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The Architecture of Neoliberalism pursues an uncompromising critique of the neoliberal turn in contemporary architecture. This book reveals how a self-styled parametric and post-critical architecture serves mechanisms of control and compliance while promoting itself, at the same time, as progressive. Spencer's incisive analysis of the architecture and writings of figures such as Zaha Hadid, Patrik Schumacher, Rem Koolhaas, Greg Lynn and Alejandro Zaera-Polo shows them to be in thrall to the same notions of liberty as are propounded in neoliberal thought. Analysing architectural projects in the fields of education, consumption and labour, The Architecture of Neoliberalism examines the part played by contemporary architecture in refashioning human subjects into the compliant figures - student-entrepreneurs, citizen-consumers and team-workers - requisite to the universal implementation of a form of existence devoted to market imperatives.
Architecture remains in crisis, its social relevance lost between the two poles of formal innovation and technical sustainability. In Attunement, Alberto Perez-Gomez calls for an architecture that can enhance our human values and capacities, an architecture that is connected -- attuned -- to its location and its inhabitants. Architecture, Perez-Gomez explains, operates as a communicative setting for societies; its beauty and its meaning lie in its connection to human health and self-understanding. Our physical places are of utmost importance for our well-being. Drawing on recent work in embodied cognition, Perez-Gomez argues that the environment, including the built environment, matters not only as a material ecology but because it is nothing less than a constituent part of our consciousness. To be fully self-aware, we need an external environment replete with meanings and emotions. Perez-Gomez views architecture through the lens of mood and atmosphere, linking these ideas to the key German concept of Stimmung -- attunement -- and its roots in Pythagorean harmony and Vitruvian temperance or proportion. He considers the primacy of place over space; the linguistic aspect of architecture -- the voices of architecture and the voice of the architect; architecture as a multisensory (not pictorial) experience, with Piranesi, Ledoux, and Hejduk as examples of metaphorical modeling; and how Stimmung might be put to work today to realize the contemporary possibilities of attunement.
- RRP £16.99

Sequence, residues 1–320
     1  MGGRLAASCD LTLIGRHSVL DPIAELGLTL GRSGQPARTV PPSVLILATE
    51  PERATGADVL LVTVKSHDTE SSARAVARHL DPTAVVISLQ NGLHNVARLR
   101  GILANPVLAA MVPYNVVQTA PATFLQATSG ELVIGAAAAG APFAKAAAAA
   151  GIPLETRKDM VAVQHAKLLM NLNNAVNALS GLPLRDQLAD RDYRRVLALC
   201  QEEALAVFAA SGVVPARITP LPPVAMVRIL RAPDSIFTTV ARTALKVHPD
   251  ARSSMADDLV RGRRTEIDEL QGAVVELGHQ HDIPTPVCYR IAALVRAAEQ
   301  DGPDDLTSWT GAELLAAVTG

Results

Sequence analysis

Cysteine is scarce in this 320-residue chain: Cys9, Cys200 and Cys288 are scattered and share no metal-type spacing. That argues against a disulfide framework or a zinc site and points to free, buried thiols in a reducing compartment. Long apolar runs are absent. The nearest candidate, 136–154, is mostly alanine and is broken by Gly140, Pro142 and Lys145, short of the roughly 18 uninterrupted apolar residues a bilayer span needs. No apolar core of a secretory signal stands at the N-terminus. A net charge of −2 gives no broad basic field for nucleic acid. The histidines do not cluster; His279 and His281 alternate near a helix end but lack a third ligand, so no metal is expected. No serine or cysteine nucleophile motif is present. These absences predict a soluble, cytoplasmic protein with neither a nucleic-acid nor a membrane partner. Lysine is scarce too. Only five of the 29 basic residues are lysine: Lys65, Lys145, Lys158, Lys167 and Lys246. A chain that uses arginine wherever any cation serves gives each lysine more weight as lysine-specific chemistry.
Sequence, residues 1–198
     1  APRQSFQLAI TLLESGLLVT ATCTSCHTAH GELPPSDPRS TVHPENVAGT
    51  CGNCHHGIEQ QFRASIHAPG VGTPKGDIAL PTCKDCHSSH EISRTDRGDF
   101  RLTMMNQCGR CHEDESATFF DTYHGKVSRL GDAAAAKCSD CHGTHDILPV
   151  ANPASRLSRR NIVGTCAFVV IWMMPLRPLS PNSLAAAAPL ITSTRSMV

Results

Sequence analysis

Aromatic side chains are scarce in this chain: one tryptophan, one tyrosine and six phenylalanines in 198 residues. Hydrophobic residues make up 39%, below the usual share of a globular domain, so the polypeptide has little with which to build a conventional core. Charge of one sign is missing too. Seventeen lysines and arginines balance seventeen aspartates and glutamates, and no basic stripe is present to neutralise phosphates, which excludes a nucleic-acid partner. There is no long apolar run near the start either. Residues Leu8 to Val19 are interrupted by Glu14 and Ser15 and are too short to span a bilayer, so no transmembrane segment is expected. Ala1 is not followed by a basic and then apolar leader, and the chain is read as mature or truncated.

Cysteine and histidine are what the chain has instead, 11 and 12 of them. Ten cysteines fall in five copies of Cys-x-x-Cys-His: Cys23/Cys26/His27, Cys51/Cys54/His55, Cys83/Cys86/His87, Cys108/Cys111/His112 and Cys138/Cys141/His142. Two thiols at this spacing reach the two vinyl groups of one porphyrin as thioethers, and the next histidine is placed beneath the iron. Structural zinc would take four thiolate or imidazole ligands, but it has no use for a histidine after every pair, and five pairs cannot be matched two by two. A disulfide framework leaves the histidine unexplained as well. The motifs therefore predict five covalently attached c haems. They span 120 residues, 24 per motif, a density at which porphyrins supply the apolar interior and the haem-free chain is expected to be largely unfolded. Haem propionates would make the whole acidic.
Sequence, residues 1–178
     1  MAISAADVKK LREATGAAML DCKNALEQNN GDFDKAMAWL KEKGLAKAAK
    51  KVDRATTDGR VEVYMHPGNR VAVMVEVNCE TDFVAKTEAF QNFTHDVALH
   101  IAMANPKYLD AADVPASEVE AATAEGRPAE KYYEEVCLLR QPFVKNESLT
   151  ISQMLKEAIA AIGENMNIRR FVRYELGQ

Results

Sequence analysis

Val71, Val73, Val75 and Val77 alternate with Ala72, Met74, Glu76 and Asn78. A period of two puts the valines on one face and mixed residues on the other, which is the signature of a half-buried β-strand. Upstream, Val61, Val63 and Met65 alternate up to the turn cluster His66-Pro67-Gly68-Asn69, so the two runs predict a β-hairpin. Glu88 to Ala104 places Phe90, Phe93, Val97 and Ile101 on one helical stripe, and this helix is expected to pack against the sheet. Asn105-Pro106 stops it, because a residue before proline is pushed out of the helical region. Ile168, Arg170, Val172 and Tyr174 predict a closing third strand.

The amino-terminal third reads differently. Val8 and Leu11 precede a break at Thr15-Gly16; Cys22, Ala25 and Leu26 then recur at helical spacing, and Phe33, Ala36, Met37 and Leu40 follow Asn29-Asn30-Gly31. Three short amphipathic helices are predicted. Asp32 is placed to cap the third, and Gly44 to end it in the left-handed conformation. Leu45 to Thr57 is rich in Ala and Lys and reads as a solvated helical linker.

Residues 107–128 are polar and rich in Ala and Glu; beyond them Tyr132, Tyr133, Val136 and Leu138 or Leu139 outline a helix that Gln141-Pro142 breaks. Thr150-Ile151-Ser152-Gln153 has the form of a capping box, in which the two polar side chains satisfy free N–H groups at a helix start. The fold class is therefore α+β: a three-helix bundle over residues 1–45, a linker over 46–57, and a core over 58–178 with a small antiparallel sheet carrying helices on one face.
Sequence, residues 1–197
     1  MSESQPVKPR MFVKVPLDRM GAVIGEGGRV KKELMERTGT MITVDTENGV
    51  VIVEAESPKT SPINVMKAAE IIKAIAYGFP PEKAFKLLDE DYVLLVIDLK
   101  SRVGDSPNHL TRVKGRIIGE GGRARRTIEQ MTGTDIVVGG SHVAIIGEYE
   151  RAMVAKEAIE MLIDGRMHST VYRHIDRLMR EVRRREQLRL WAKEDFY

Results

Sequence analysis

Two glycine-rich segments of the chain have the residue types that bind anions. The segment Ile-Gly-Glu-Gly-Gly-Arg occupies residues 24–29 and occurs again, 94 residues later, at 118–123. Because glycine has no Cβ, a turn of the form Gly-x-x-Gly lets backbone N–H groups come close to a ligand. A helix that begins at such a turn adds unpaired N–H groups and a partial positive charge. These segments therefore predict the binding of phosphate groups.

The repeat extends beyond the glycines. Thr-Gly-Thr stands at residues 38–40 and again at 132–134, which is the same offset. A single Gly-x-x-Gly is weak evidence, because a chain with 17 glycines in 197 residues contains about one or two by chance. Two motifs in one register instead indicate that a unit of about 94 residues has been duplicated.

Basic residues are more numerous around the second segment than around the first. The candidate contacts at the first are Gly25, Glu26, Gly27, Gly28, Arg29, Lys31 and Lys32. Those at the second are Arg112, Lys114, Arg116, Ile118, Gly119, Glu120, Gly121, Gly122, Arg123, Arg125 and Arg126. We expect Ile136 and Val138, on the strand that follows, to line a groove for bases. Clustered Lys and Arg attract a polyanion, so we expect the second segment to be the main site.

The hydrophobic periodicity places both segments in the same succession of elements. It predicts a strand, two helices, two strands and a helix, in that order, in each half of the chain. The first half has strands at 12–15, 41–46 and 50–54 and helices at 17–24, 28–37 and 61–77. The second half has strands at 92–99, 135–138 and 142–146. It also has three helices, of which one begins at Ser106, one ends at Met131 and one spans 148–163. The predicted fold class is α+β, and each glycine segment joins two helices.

Architecture and Ritual explores how the varied rituals of everyday life are framed and defined in space by the buildings which we inhabit. It penetrates beyond traditional assumptions about architectural style, aesthetics and utility to deal with something more implicit: how buildings shape and reflect our experience in ways of which we remain unconscious. Whether designed to house a grand ceremony or provide shelter for a daily meal, all buildings coordinate and consolidate social relations by giving orientation and focus to the spatial practices of those who use them. Peter Blundell Jones investigates these connections between the social and the spatial, providing critical insights into the capacity for architecture to structure human ritual, from the grand and formal to the mundane. This is achieved through deep readings of individual pieces of architecture, each with a detailed description of its particular social setting and use. The case studies are drawn from throughout architectural history and from around the globe, each enabling a distinct theoretical theme to emerge, and showing how social conventions vary with time and place, as well as what they have in common. Case studies range from the Nuremberg Rally to the Centre Pompidou, and from the Palace of Westminster to Dogon dwellings in Africa and a Modernist hospital. In considering how all architecture has to mesh with the habits, beliefs, rituals and expectations of the society that created it, the book presents deep implications for our understanding of architectural history and theory. It also highlights the importance for architects of understanding how buildings frame social space before they prescribe new architectural designs of their own. The book ends with a recent example of user participation, showing how contemporary user interest and commitment to a building can be as strong as ever.